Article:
King County prosecutor candidates Jim Ferrell (left) and Leesa Manion debate Sept. 28 at Carco Theatre in Renton. The forum was moderated by Renton Chamber of Commerce CEO Diane Dobson (center). Photo by Cameron Sheppard/Sound Publishing

King County prosecutor candidates Jim Ferrell (left) and Leesa Manion debate Sept. 28 at Carco Theatre in Renton. The forum was moderated by Renton Chamber of Commerce CEO Diane Dobson (center). Photo by Cameron Sheppard/Sound Publishing

Prosecutor candidates debate court backlog, working with police, restorative justice

King County voters will choose between Jim Ferrell and Leesa Manion in Nov. general election.

On Sept. 28, the Renton Chamber of Commerce and Sound Publishing hosted a debate that gave the two candidates for King County Prosecuting Attorney a chance to discuss their values and perspectives on the position’s role as well as challenge each other’s ideas.

The candidates, Leesa Manion and Jim Ferrell, are running for an office that has long been held by Dan Satterberg, who is stepping down from the prosecutor job after 15 years.

Manion currently works as the chief of staff for the King County Prosecuting Attorney’s Office, and for that reason feels like somewhat of an incumbent of the office and represents a continuation of the current administration.

Ferrell is a former prosecutor and current mayor of Federal Way, where he has been vocal about rising crime rates in his city and across the region — often blaming Satterberg’s office as well as the state Legislature for policies which, he argued, have contributed to declining perceptions of public safety.

During the debate at the Carco Theatre in Renton, the two candidates traded blows on a variety of hot issues regarding the criminal justice system in King County, including the massive backlog of cases held up in the region’s courts, police and their relationship to the community, and the effectiveness of restorative justice and diversion programs.

Many times during the debate, Ferrell positioned himself as a “change” from the current administration, saying that he was forced to run for the position after his experience as a mayor. He claimed that the current administration had used their prosecutorial discretion to allow offenders to avoid accountability, all while failing to work with cities and police departments in a collaborative way.

Manion refuted that the current administration, which she helps administrate, does not work with cities and police departments, claiming that they share data and have started collaborative initiatives aimed at certain kinds of crime in certain communities. She also maintained that, if elected, she would make more of an effort to build coalitions and work with police leaders more than her predecessor has.

Ferrell has tried to position himself as the “pro-police” candidate in this race, with a host of endorsements from several police unions across the region. During the debate, he was critical of the state’s recent pursuit laws that limit when police can enter risky chases after a suspect. Ferrell said he supports the Washington State Supreme Court’s State v. Blake decision, but is critical of the State Legislature’s response, which passed without adding the word “knowingly,” thus making simple drug possession legal by “de facto” means.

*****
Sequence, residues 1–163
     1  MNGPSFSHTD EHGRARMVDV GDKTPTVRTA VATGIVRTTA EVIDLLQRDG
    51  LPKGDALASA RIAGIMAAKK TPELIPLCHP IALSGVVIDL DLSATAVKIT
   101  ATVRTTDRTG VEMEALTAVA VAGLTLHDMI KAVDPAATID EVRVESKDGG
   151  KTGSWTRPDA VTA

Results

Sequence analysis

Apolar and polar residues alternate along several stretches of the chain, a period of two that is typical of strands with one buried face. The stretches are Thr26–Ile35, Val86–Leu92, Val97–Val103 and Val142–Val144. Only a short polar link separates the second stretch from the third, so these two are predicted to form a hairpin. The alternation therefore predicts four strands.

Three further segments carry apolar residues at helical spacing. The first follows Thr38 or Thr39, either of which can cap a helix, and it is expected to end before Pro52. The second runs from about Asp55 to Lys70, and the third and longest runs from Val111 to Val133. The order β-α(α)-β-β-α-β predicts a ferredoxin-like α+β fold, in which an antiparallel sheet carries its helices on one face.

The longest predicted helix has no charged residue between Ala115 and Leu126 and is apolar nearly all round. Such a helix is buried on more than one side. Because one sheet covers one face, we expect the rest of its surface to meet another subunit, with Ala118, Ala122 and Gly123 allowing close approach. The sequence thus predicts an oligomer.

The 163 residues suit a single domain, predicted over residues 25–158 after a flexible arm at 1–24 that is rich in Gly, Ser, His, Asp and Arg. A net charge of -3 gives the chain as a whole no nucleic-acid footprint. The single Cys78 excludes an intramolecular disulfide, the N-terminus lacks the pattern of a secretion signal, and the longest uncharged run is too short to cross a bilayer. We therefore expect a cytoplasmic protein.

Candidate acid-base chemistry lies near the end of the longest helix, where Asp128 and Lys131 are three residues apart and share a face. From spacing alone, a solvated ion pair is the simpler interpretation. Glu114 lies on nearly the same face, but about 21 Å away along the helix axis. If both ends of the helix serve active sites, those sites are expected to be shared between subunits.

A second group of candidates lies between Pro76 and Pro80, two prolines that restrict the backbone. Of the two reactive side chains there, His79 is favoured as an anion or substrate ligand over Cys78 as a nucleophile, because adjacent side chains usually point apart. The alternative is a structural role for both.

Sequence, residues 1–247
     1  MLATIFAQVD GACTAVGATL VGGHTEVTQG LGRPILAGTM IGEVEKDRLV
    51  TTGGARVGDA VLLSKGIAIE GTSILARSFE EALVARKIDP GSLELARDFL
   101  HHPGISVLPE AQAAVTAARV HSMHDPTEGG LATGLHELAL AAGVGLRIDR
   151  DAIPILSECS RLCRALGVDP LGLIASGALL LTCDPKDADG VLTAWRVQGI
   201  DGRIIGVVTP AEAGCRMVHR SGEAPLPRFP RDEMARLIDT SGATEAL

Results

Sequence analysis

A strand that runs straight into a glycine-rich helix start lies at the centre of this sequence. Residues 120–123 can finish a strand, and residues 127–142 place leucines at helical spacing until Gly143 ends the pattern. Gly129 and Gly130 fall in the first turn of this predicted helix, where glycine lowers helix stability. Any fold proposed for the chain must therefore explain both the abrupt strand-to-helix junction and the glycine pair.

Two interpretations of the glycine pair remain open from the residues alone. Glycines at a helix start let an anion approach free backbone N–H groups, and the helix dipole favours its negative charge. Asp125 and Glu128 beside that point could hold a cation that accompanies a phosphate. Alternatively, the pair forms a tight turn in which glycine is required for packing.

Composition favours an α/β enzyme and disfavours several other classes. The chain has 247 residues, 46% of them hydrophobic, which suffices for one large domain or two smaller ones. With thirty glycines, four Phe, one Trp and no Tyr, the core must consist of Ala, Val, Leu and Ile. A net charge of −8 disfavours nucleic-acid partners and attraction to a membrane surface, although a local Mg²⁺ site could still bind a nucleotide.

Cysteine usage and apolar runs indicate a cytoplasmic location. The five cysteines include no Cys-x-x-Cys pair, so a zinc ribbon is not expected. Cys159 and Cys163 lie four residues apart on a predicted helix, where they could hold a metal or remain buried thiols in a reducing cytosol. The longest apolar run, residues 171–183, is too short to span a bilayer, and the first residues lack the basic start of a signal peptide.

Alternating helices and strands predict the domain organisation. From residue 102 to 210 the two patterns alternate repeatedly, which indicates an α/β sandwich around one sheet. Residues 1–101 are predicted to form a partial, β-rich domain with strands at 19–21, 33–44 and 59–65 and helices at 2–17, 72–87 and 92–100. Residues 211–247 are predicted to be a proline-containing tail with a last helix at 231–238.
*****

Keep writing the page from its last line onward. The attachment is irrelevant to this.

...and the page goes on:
Ferrell argued that these policy changes have contributed to the increase in crime by creating “significant confusions” for police and making street level enforcement nearly “impossible.”

Manion emphasized her support of police, but also noted the need for accountability for police who abuse their power. She said that she intentionally declined the endorsements of police unions because she thought it would not be a fair for a prosecutor to accept.

Ferrell raised concerns over the thousands of felony cases that are currently backlogged and untried within the region’s courts, a condition that Manion said was due to policies instituted by a higher court during the pandemic.

Manion maintained that the backlog would probably be reduced to pre-pandemic levels in less than two years, while Ferrell emphasized the need to “triage” and sort through the most severe cases for trial.

One of Ferrell’s largest gripes with the current administration that Manion works as the chief of staff for is the Restorative Community Pathways program, a program that diverts juvenile offenders of certain low-level crimes to avoid court in favor for what Manion calls a more “holistic” approach to justice.

Ferrell claimed that his city and others were not given proper notice of the program and that it lacks transparency and accountability. He raised issues with the fact the program includes offenders of certain crimes like residential burglary and possession of a firearm.

Manion argued that the program is effective in reducing recidivism, citing an 8 percent recidivism rate in participants compared to an over 20 percent recidivism rate among incarcerated juveniles. She also said the program allows for victims to receive support and restitution for out of pocket expenses caused by the crime — arguing that it does offer justice.

Watch online

A complete video of the Sept. 28 forum is available below and at the Renton Chamber of Commerce’s YouTube channel at

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